The United States Navy is going to steam into the Yellow Sea and blow up some Korean warships. But friendly, like, and for fun. Points will be scored, and trophies (of a sort) will be awarded. Younger people might think of it as an Xbox simulation with live ammunition.
These kinds of war games in the Northern Pacific and vicinity have been going on ever since Japan lost the war and the States has taken over funding their self defense. China, upon whom some of these waters in which the games occur impinge, has grumbled about the contests before, but never especially loudly.
But that’s changed according to the Wall Street Journal. Chinese military officials are saying such things as, “There’s a real danger [this war game] could get out of control—and that would be a real threat for China’s national security.”
These are harsh words in diplo-speak, words which are backed up with a Navy base within spittin’ distance of the war games. It wouldn’t be difficult for China to have one it’s older diesel attack submarines “accidentally” cruise through war-game waters, just to “see what happens.”
Similar ominous threats have arisen from other members of the Chinese military. But none—as yet—from the senior leadership of the Chinese oligarchy. This is significant, because, in a way, if the Communist party chiefs don’t say it’s happening, then it isn’t happening. However, the low-level spokesmen who have been talking must have been doing so by the express permission and direction of that leadership.
China, therefore, is bluffing: at least, there is a reasonable probability that this is so. They have seen Mr Obama’s bowing and blinking tour across the world, and they are testing which combinations of vague and non-specific threats will cause him to call off the war games. If he does—and who doesn’t believe it could happen?—China will have scored a major victory.
And then, it’s goodbye Taiwan. That beautiful island, origin of a substantial proportion of electronics, a delightful cuisine, a happy and free people, and independent country that China covets and would just kill to get, literally.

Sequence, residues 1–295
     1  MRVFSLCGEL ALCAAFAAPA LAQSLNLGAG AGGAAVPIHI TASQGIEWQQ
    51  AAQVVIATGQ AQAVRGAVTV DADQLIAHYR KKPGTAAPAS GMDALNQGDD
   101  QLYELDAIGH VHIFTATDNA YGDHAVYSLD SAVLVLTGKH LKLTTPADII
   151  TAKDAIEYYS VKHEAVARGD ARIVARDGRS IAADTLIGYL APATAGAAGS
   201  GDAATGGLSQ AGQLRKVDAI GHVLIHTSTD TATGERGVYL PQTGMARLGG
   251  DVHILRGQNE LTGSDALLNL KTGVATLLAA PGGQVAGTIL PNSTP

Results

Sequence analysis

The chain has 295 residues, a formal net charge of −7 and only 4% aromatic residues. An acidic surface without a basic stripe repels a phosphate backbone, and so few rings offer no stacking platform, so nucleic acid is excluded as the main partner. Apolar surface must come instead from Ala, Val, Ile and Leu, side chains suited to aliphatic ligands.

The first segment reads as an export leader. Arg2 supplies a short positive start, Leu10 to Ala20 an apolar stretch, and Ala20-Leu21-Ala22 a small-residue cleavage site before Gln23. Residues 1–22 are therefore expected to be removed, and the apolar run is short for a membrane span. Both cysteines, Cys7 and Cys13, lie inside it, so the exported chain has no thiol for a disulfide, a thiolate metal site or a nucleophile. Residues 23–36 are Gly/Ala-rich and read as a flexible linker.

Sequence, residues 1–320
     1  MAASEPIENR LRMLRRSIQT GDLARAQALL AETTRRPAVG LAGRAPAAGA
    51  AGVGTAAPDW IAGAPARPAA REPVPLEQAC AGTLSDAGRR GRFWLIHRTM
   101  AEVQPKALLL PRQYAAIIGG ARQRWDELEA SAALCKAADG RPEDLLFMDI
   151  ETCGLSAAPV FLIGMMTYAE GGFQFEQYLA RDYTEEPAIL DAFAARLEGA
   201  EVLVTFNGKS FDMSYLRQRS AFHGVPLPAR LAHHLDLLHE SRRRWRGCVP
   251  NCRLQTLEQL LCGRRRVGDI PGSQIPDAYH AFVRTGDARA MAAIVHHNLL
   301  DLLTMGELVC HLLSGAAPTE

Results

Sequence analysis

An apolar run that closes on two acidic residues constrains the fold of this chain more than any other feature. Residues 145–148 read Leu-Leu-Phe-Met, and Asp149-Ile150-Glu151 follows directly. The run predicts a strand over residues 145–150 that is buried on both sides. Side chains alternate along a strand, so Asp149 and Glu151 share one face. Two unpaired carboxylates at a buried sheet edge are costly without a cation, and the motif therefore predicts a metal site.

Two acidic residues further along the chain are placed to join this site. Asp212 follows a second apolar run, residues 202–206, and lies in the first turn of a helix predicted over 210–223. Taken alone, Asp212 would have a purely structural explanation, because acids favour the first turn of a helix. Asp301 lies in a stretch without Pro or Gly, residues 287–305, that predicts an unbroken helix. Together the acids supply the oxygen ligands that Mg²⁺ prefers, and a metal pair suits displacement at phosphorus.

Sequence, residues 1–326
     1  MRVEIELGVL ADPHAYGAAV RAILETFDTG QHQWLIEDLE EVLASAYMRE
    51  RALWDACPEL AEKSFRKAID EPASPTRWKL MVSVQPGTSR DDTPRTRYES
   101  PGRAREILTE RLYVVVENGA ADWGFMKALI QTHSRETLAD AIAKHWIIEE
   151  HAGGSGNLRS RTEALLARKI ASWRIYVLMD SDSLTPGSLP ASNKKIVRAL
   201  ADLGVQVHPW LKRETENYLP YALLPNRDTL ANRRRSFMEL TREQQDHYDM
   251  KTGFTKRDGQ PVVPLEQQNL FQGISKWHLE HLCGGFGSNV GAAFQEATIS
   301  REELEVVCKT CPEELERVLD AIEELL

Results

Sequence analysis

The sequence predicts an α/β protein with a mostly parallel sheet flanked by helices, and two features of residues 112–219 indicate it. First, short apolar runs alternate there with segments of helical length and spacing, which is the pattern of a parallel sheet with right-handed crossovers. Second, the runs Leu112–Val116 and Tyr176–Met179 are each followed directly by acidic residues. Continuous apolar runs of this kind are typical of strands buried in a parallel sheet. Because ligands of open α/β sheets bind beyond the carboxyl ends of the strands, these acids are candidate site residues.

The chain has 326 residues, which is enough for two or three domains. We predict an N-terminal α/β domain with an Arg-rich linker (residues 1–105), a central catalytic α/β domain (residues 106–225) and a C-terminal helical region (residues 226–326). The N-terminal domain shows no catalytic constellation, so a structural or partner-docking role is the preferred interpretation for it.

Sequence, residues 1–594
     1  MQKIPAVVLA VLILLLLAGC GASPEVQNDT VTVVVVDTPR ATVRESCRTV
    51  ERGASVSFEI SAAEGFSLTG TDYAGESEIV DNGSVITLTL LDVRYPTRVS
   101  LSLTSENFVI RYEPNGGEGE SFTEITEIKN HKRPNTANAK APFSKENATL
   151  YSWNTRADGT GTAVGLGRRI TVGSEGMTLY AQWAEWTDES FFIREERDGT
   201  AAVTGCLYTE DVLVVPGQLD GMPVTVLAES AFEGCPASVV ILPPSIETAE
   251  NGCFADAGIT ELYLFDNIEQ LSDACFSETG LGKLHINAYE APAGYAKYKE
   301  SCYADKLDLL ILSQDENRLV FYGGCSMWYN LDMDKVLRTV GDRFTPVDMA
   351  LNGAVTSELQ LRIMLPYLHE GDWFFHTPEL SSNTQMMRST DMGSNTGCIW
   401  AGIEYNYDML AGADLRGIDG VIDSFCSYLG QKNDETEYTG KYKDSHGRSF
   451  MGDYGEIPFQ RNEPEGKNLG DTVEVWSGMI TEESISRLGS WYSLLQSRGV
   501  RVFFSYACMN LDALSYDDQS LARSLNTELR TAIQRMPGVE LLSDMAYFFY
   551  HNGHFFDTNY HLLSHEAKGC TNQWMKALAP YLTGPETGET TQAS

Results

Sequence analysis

We—as in the USA—just sold some military doodads to Taiwan, but only a handful. Not only was this the right thing to do, but we had to do it because we signed a piece of paper swearing that we would.
Before the transaction, China trotted out the same batch of flunkies to speak of “destabilization” and “security”, but this had no effect. Mr Obama considered the possibilities, read the treaty, and went ahead with the sale. I like to think it was the lawyer in him.
The arms given to Taiwan are, on the scale of global war, the equivalent of an extra box of shotgun shells to a deer hunter. Nice, but not crucial. This is made clear in the Pentagon’s 2010 report on the Military and Security Developments Involving the People’s Republic (pdf). About Taiwan, it summarizes:
China’s military build-up opposite the island continued unabated. The PLA is developing the capability to deter Taiwan independence or influence Taiwan to settle the dispute on Beijing’s terms while simultaneously attempting to deter, delay, or deny any possible U.S. support for the island in case of conflict. The balance of cross-Strait military forces continues to shift in the mainland’s favor.
A decade ago, the Red Masters of Beijing sufficed themselves on secondhand ships sold at Russian Navy rummage sales. Since then, they have been building their own assiduously. Just as we have as earnestly been paring back. In the Days of Reagan, our Navy had 600 ships. We’re now at half that and dwindling fast; perhaps soon at an accelerated pace, if Secretary Gate’s recent words have any meaning.
China now has, according to the Pentagon report, 274 ships. However, many of these are diesel, mere coastal patrol boats, or are otherwise past their prime. Taiwan has 109, similarly constituted; although they have no nuclear-powered vessels. The contrast with each country’s Air Force is about the same.
It’s likely the next war will start here, in the Taiwan strait. The real reason China wants Taiwan is not land or access to sea lanes (of which they have plenty), nor is it economic (China’s economy already dwarfs Taiwan’s). It’s because the communist masters in China still smart from the insult of Chiang Kai-Shek (è”£ä¸æ£) escaping from Mao’s murderous clutches after the end of WWII.
Chiang took what meager forces he had left after the Soviets and Mao had ganged up against him, and set up on Taiwan. This would have been fine, except Chiang had the temerity to claim that China belonged to Taiwan. Worse for the Chinese, Chiang convinced the USA that this was so to the extent that the Taiwan-USA relationship was sealed with a treaty.
The treaty which led to the recent (and past) arms sales. Ah, history.